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I found the suffix -ides tagged as "3rd. decl." on Wiktionary, with "-idis" as its genitive. But as I learnt, the patronymic suffix -ides is a Greek-type 1st. decl. suffix (e.g. L&S: "Achillides, -ae"), is this Wiktionary entry just a mistake?

Edit: The suffix as in Achillides has a long i, while the suffix on Wiktionary has a short one.

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    If you look, it seems it links to a Medieval Latin name. It's perhaps just been re-analyzed as a normal Latin 3rd-declension noun instead of a proper Greek patronymic.
    – cmw
    Commented Feb 16, 2023 at 23:37
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    I have not done an exhaustive search, but all of the -ides nouns with an -idae genitive which I have seen, like achillides, had had a long i. Is there a distinction to be made between long and short i in -ides?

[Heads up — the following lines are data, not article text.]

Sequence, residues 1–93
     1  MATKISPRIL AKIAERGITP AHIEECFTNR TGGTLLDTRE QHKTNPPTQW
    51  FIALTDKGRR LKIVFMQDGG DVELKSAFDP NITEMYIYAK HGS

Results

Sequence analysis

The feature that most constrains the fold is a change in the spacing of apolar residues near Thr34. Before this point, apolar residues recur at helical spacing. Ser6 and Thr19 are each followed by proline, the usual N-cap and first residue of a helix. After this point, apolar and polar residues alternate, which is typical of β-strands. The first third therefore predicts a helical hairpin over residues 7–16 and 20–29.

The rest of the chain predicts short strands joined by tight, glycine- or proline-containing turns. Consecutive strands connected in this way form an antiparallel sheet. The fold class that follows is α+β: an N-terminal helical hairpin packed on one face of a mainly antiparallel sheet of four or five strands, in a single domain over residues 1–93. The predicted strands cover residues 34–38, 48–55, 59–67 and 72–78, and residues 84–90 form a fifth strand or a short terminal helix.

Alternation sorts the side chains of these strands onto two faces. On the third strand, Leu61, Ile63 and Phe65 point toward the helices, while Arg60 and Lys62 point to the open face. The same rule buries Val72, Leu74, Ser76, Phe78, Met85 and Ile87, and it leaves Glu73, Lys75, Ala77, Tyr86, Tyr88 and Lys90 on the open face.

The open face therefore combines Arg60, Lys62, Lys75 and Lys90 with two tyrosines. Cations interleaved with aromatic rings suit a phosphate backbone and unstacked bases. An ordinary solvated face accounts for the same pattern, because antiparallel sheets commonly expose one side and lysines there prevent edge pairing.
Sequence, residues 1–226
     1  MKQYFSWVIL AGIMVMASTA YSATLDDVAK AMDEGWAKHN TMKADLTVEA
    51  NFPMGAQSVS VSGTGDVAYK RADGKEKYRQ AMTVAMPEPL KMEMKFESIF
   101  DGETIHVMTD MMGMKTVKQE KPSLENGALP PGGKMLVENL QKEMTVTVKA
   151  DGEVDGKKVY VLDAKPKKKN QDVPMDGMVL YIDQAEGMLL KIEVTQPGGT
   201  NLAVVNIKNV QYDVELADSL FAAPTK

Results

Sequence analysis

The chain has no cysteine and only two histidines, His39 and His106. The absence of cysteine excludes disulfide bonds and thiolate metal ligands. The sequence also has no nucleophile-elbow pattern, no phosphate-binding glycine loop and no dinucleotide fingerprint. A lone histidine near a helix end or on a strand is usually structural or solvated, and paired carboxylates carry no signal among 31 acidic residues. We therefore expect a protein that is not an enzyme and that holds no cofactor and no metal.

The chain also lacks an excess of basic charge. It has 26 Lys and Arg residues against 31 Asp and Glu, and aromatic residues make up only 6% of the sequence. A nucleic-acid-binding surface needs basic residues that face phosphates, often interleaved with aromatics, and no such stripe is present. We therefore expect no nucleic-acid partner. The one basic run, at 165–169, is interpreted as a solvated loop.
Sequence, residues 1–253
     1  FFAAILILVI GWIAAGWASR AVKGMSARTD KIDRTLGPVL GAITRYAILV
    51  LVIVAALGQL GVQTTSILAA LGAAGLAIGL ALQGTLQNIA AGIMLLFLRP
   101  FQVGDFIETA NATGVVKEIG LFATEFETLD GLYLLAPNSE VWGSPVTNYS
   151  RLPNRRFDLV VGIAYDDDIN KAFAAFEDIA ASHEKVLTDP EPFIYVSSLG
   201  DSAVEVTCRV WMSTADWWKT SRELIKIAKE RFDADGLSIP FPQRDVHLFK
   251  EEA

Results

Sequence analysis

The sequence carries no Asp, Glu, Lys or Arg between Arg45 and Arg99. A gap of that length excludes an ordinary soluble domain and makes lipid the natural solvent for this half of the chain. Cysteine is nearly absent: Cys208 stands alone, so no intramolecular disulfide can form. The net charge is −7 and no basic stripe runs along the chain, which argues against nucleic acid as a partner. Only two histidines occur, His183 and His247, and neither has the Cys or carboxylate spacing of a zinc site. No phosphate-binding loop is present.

– Figulus
    Commented Feb 17, 2023 at 4:30
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    Often times, names of Greek origin could be used with either Latin or (approximate) Greek endings, in Latin. So I guess I wouldn't be surprised to see this. But I don't know more about this particular suffix.
    – Cerberus
    Commented Feb 21, 2023 at 2:43
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    I couldn't come to a firm answer, but here is a relevant previous question: What is the gender and singular declension of the scientific Latin suffix -idae?
    – Asteroides
    Commented Mar 4, 2023 at 8:02

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